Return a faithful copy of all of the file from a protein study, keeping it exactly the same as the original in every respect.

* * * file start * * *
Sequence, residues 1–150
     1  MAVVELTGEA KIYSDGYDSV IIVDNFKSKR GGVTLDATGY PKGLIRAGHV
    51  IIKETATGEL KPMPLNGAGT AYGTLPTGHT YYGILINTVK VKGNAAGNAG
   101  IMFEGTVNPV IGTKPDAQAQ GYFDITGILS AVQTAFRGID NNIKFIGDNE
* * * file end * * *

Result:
Sequence, residues 1–150
     1  MAVVELTGEA KIYSDGYDSV IIVDNFKSKR GGVTLDATGY PKGLIRAGHV
    51  IIKETATGEL KPMPLNGAGT AYGTLPTGHT YYGILINTVK VKGNAAGNAG
   101  IMFEGTVNPV IGTKPDAQAQ GYFDITGILS AVQTAFRGID NNIKFIGDNE